Volume 1: Gracchus to the end of the Jugurthine War, B.C. 133-104
|A history of Rome|
This volume, intended as the first of a series, is now left by the lamented death of its author as an isolated unit. Dr Greenidge has not left behind him sufficient material to justify the continuance of the work by the hand of an Editor. Notwithstanding this unhappy curtailment of the original scheme, the Publishers believe that this volume, comprising as it does a strongly marked epoch of Roman History, is well able to stand alone and to serve as a valuable contribution to the story of the later Republic.
There were other objects, valued for their intrinsic worth as much as for the distinction conveyed by their possession, which attracted the ambition and strained the revenues of the fashionable man. Works of art must once have been cheap on the Roman market; for, even if we refuse to credit the story of Mummius' estimate of the prize which fallen Corinth had delivered into his hands,' yet the transhipment of cargoes of the priceless treasures to Rome is at least a historic fact, and the Gracchi must themselves have seen the trains of wagons bearing their precious freight along the Via Sacra to the Capitol.
The spoils of the generous conqueror were lent to adorn the triumphs, the public buildings and even the private houses, of others; but much that had been yielded by Corinth had become the property neither of the general nor of the State. Polybius had seen the Roman legionaries playing at draughts on the Dionysus of Aristeides and many another famous canvas which had been torn from its place and thrown as a carpet upon the ground, but many a camp follower must have had a better estimate of the material value of the paintings of the Hellenic masters, and the cupidity of the Roman collector must often have been satisfied at no great cost to his resources.
The extent to which a returning army could disseminate its acquired tastes and distribute its captured goods had been shown some forty years before the fall of Corinth when Manlius brought his legions back from the first exploration of the rich cities of Asia. Things and names, of which the Roman had never dreamed, soon gratified the eye and struck the ear with a familiar sound. He learnt to love the bronze couches meant for the dining hall, the slender side tables with the strange foreign name, the delicate tissues are woven to form the hangings of the bed or litter, the notes struck from the psalter and the harp by the fingers of the dancing-women of the East. This was the first situation of the efflorescent luxury of Eastern Hellenism, but some five-and-twenty years before this date Rome had received her first experience of the purer taste of the Greek genius in the West.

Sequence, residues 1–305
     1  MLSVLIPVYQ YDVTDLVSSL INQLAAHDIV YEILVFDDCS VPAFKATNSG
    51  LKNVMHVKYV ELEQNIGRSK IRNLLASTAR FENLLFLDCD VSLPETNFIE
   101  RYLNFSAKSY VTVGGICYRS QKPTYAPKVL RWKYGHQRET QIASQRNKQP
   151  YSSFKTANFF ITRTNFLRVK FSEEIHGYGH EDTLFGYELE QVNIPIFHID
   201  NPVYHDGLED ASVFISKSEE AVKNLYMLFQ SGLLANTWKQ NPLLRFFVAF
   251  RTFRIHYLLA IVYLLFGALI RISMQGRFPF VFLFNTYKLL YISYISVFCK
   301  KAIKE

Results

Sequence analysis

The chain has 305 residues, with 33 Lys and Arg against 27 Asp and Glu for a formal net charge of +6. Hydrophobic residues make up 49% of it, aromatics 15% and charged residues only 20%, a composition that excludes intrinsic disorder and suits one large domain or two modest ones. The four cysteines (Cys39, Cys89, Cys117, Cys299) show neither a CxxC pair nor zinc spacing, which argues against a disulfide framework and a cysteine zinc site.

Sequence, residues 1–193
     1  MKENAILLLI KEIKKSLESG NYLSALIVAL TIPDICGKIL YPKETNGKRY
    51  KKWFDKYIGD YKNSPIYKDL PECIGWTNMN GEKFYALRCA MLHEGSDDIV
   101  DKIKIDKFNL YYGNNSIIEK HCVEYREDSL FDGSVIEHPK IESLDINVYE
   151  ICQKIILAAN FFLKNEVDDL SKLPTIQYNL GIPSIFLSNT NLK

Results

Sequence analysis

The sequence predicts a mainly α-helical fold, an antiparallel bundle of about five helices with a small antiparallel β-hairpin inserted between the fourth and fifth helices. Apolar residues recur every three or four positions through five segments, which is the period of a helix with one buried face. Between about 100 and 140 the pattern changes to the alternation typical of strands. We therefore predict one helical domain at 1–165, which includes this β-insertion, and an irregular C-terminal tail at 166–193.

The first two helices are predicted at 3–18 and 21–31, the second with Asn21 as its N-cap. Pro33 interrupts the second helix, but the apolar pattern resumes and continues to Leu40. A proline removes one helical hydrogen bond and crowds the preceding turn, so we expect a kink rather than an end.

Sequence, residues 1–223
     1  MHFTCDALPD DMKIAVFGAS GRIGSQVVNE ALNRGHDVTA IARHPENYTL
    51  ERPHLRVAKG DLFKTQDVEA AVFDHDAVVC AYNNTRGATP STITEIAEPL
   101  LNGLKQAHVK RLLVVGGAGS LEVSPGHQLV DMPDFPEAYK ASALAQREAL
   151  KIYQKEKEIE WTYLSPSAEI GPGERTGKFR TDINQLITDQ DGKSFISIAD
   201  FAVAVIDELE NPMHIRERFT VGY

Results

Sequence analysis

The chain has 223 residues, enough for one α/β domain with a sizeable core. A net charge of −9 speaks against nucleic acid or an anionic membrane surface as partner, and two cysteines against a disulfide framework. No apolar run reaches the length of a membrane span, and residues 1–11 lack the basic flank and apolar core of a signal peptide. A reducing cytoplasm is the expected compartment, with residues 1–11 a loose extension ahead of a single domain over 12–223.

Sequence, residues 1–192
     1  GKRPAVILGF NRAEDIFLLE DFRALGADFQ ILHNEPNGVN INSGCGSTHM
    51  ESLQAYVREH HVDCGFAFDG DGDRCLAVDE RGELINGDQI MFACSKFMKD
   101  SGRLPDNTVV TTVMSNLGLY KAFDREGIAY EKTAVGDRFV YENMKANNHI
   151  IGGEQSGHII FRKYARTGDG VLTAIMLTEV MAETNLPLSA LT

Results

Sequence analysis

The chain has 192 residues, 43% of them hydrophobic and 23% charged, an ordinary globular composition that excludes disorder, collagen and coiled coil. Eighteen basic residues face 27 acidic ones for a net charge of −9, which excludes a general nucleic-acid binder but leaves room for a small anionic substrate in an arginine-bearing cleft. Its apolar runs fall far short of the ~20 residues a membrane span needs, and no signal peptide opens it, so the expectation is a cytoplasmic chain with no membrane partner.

The whole series of acts of artistic vandalism which marked the footsteps of the conquering state could be traced back to the measures taken by Claudius Marcellus after the fall of Syracuse. The systematic plunder of works of art was for the first time given an official sanction, and the public edifices of Rome were by no means the sole beneficiaries of this new interpretation of the rights of war.
Much of the valuable plunder had found its way into private houses, to stimulate the envious cupidity of many a future governor who, cursed with the taste of a collector and unblessed by the opportunity of war, would make subtle raids on the artistic treasures of his province a secret article of his administration.
When the ruling classes of a nation have been familiarised for the larger part of a century with the easy acquisition of the best material treasures of the world, things that have once seemed luxuries come to fill an easy place in the category of accepted wants. But the sudden supply has stopped; the market value, which plunder has destroyed or lessened, has risen to its normal level; another burden has been added to life, there is one further stimulus to wealth and, so pressing is the social need, that the means to its satisfaction are not likely to be too diligently scrutinised before they are adopted. More pardonable were the tastes that were associated with the more purely intellectual elements in Hellenic culture — with the in- fluence which the Greek rhetor or philosopher exercised in his converse with the stern but receptive minds of Rome, the love of books, the new lessons which were to be taught as to the rhythmic flow of language and the rhythmic movement of the limbs. The Greek adventurer was one of the most striking features of the epoch which immediately followed the close of the great wars.
Abel Hendy Jones Greenidge was a writer on ancient history and law.
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